Goldman Sachs Raises Fed Rate Expectations Due to High Inflation, Low Unemployment

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A Fed rate hike will raise the cost of borrowing everything from mortgages to auto loans to credit cards.

The new forecast is an increase from Goldman’s previous call for three rate hikes in 2022. Wall Street banks also now expect the Fed to begin shrinking its $8.8 trillion balance sheet in July, compared with the previous December.

“We continue to see rate hikes in March, June and September, and have now hiked rates in December for a total of four hikes through 2022,” Goldman economists wrote in a note to clients.

The Federal Reserve has kept interest rates at rock-bottom levels despite a rapid economic recovery and high inflation.

Inflation, explained: Why prices keep rising and who's to blame
The central bank recently said it plans to raise interest rates three times this year. Investors see an 81% chance of at least three rate hikes in 2022, according to CMEGroup’s FedWatch tool. There is now a 53% chance of four or more rate hikes, up from about 30% a month ago.
To explain its call for four rate hikes, Goldman cited its forecast for inflation to remain “well above” the Fed’s target through the summer, as well as continued progress in the labor market. The bank noted that although employment growth in December was lower than expected, the figure could be revised higher. Other indicators, including an unemployment rate of 3.9%, pointed to strong demand for workers.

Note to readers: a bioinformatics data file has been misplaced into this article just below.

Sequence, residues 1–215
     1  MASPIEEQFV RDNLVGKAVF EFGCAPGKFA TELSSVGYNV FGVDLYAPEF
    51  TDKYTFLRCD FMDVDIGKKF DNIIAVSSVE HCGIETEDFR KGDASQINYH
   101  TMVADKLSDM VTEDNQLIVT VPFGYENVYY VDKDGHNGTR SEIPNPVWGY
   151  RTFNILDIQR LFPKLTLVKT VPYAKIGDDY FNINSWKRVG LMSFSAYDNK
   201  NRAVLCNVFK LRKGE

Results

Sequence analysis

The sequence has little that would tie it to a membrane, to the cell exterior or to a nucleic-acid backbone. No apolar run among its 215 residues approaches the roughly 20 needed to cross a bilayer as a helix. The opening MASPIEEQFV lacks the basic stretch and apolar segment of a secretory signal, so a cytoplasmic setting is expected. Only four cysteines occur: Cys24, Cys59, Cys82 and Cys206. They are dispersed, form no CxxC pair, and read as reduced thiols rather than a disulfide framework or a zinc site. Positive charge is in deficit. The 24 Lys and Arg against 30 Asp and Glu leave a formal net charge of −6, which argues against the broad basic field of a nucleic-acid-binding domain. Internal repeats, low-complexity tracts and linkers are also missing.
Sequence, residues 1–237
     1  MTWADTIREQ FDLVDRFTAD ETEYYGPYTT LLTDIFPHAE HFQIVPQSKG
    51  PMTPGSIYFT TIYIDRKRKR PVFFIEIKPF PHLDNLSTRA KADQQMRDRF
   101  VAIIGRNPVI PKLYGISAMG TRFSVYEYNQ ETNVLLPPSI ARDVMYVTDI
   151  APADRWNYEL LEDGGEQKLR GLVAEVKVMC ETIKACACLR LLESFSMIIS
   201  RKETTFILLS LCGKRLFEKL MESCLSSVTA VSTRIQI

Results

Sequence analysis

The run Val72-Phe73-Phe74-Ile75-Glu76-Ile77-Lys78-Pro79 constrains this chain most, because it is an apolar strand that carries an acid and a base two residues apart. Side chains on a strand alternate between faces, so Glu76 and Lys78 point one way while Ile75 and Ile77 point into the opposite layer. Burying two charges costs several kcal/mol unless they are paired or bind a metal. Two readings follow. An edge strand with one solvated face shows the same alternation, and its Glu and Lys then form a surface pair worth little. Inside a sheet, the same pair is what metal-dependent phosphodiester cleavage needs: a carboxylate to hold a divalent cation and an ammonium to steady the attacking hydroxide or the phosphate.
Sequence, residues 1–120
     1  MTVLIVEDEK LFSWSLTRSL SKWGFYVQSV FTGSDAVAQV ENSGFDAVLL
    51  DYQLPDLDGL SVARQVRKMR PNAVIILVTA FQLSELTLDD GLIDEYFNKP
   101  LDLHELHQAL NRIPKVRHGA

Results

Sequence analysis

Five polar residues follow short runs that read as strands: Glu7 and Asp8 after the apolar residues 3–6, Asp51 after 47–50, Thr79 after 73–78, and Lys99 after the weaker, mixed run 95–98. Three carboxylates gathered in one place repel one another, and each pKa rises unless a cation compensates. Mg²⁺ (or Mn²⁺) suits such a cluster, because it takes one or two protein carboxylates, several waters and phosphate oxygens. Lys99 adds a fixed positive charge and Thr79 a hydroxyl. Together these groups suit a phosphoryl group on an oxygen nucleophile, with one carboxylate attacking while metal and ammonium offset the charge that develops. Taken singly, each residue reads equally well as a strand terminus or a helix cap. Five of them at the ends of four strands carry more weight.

“The U.S. labor market continues to develop rapidly,” Goldman economists wrote.

The economists wrote that recent economic indicators, including a record number of workers quitting their jobs, suggest that “the remaining employment deficit relative to February 2020 primarily reflects a shortage of labor supply rather than a lack of demand.”

Richmond Federal Reserve Bank President Thomas Barkin said on Friday that it was “conceivable” for the Fed to raise interest rates in March.

“If your economy continues to have the level of unemployment that we’re experiencing right now, that’s certainly very healthy, and with price pressures going up, I think we need to move toward normalization based on our mandate and framework,” Barkin told The Wall Street Journal. daily”. The Richmond Fed president does not have a vote on the Fed’s rate-setting committee this year.

At Tuesday’s confirmation hearing, Fed Chairman Jerome Powell will face questions from lawmakers on topics such as interest rate hikes and inflation.



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